GDPR, one year later: the response of companies
Twelve months of sanctions and solutions
While waiting for the first official report of the European Commission on the application of the Regulation, numerous studies and analysis have tried to test the transformation underway and the speed at which it is taking place both from the users' side and from that of organizations. For users, for example, a Eurobarometer survey released last May presented interesting percentages on citizens’ degree of awareness on the existence of a new legislation, on national data protection authorities and on the possibility of protecting themselves by changing their social profiles. Thorough knowledge of the protections and changes introduced by the new regulation remain limited. From the organizations’ side, in the summer, the EU Commission reported that the first findings indicate that compliance with the regulation has allowed companies to increase security and find a competitive advantage in the "privacy" factor.
More recently, a study carried out by Check Point Software Technologies that interviewed a thousand CTOs, CIOs, IT managers and security managers of European companies, tested the progress of organizations in the processing of personal data, and reported that already a significant majority of subjects (60% in fact)had accomplished the mission, adding that Italy, France and Germany stand out for the level of compliance with the regulations, while in Spain and the United Kingdom an acceleration is needed. Certainly the overall positive picture does not overshadow the 281 thousand violations (according to statistics collected by the European Data Protection Board) sanctioned by the European Union in the first 12 months after the application of the regulation, nor the Google case, fined with 50 million euros by the French Data Protection Authority (Commission nationale de l'informatique et des libertés) for failure to comply with the obligations set out in the information of users and their consent. Out of all the cases that emerged, three quarters (144 thousand) were originated by complaints, while approximately one third by data breach notifications. 63% of the proceedings against organizations, based on the update released in July, have been completed.
The investment is already bearing fruit
The possibility of being sanctioned is, of course, one of the main reasons for companies to worry about the GPDR, but for IT managers there are also other aspects involved: the adoption of efficient internal processes (which ensure, for example, correct keeping of the register of data processing activities or timely notification of data breaches to the regulators). The need, expressly required by law, to be able to demonstrate compliance with regulators. The ambiguity, according to companies, of the regulation which does not clarify what the "reasonable" level of protection to achieve is. Another relevant factor is the costs of compliance and their return on investment: for companies, as shown by various analysis, the resources employed are already showing benefits in terms of consumer confidence and data security. Total investments were quantified by almost a third of respondents between 42 thousand and 128 thousand pounds, while over a quarter had to spend a higher amount.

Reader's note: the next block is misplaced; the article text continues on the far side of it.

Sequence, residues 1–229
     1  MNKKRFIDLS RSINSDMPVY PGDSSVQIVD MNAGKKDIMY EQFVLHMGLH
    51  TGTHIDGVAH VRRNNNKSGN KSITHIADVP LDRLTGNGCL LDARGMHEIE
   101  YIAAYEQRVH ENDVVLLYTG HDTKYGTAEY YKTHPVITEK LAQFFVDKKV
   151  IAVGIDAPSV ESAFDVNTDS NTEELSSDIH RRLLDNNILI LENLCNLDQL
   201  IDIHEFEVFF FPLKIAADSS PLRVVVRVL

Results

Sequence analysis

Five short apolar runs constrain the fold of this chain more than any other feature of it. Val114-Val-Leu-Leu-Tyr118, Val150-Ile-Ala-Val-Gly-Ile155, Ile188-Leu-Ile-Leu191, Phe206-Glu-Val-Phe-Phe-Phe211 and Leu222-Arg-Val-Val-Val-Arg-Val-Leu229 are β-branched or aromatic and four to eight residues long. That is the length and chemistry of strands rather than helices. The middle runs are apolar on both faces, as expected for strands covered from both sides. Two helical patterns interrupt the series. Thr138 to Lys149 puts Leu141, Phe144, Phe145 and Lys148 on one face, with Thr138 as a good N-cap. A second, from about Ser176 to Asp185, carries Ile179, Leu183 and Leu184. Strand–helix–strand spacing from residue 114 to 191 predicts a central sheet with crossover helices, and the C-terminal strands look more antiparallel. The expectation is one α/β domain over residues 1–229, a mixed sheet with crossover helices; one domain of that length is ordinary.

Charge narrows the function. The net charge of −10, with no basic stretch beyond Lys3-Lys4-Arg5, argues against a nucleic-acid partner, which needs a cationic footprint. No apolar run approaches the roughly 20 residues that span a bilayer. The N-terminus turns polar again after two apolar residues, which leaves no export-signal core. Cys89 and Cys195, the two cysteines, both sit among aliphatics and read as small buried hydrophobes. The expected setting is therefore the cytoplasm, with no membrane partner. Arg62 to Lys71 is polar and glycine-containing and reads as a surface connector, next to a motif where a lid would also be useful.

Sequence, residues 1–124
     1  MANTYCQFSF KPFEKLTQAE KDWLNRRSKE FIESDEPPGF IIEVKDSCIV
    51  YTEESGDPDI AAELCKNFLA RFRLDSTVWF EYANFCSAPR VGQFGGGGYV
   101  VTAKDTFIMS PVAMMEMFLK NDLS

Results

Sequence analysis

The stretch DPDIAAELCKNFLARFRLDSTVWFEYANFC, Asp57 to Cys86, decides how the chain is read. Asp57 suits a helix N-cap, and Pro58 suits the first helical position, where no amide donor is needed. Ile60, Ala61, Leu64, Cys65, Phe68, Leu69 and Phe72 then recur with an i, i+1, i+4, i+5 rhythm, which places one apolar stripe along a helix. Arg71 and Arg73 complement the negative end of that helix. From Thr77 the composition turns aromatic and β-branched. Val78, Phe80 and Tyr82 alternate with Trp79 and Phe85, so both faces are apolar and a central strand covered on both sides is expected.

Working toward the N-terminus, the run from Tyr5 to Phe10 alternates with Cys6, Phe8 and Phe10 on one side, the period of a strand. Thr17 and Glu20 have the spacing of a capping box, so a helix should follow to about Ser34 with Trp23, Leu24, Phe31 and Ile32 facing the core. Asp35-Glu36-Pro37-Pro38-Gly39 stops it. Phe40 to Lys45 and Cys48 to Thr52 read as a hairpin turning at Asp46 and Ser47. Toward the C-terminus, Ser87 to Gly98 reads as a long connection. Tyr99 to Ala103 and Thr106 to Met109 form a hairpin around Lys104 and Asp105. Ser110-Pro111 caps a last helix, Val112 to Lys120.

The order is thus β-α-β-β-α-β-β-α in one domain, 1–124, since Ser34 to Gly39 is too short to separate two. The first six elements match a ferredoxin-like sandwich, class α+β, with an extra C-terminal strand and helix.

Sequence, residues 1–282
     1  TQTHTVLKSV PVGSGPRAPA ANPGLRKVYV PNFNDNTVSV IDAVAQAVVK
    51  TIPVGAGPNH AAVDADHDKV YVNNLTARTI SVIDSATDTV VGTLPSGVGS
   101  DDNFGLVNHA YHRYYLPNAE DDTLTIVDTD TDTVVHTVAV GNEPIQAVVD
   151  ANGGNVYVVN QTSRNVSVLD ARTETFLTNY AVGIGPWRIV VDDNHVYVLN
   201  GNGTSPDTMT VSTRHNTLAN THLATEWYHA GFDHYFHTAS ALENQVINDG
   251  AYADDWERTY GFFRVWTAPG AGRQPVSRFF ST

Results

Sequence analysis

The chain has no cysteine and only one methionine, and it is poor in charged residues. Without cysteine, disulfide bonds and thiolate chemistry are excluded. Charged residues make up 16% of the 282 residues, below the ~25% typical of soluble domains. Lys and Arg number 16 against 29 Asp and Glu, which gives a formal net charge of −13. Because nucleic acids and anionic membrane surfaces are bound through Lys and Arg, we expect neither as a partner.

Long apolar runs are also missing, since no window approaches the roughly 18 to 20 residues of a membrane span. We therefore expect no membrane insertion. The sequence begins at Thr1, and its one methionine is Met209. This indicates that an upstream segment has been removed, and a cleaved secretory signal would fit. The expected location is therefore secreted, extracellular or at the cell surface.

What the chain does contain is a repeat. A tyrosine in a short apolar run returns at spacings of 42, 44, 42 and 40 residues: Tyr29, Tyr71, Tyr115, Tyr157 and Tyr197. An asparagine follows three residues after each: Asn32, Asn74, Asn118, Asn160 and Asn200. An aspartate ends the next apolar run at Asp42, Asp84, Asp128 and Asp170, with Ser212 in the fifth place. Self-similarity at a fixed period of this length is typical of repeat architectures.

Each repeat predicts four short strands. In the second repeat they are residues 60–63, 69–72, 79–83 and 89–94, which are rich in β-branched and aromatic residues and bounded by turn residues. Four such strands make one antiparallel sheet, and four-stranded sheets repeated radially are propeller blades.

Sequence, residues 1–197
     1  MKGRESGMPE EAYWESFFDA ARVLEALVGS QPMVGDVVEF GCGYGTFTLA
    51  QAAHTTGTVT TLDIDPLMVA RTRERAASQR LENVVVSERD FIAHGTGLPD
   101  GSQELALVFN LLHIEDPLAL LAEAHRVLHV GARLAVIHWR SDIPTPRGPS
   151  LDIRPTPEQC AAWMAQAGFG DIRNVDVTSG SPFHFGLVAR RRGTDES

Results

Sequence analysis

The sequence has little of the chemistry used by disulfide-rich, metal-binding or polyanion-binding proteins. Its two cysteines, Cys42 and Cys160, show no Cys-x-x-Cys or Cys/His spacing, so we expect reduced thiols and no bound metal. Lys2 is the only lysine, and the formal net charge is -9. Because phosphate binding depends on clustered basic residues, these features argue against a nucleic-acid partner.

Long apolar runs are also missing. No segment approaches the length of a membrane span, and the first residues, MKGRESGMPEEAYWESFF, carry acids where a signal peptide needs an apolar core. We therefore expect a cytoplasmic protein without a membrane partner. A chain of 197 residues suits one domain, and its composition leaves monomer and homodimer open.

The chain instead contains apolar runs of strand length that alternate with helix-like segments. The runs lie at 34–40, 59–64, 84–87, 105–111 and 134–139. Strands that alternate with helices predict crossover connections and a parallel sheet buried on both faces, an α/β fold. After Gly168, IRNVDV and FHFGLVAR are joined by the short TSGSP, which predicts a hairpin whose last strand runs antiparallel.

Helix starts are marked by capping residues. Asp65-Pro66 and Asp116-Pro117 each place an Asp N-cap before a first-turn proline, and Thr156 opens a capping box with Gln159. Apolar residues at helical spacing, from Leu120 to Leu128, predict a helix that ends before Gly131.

Cloud and cybersecurity strategies: what has changed
Considering the technological solutions adopted, the introduction of the Regulation (that aims to protect personal data), has put the use of cloud solutions in the spotlight, which have been mostly encouraged and increased (with the use of public and private infrastructures and through SaaS solutions), but there was a share of companies that abandoned these solutions as a consequence of the European Regulation. Another aspect that was in the spotlight in these first twelve months regarded security strategies. How have the various European organizations modified their security strategies following the regulatory change? In Check Point's “GDPR turns one” research, two thirds of the managers reported that their company has an organic and strategic approach to cybersecurity and that this is a consequence of the new Regulation, but the experts are rather equally divided among those who observe that there has been an acceleration in the political approach to cybersecurity and those who are instead favouring the case-by-case approach.
Services and infrastructures to be qualified: the path of cloud service providers continues
Just as the GDPR has accelerated the race for companies to comply on the processing of personal data, even the providers of advanced digital services and companies present in the Cloud market have their share of work to do. In fact, the European Commission, National Authorities and Data Protection Commissions have pushed for ISO and IEC to develop standards and guidelines to set new standards for "data protection". ISO/IEC 27107:2015 and ISO/IEC 27018:2014, which integrate the well-known ISO/IEC 27001, go exactly in this direction. Companies that provide SaaS, IaaS and PaaS services or who are Cloud Service Providers and intend to propose themselves as qualified suppliers of the Public Administration must update and comply.
It goes without saying that the primary recipients are companies that offer specialized software services and Cloud infrastructures for the Public Administration but also companies who intend to provide their clients with additional guarantees regarding the security and control of processed data can adapt. Compliance with the guidelines is quite demanding but brings important operational advantages: from improving service levels, accessibility, usability and security to greater resilience, scalability and data protection.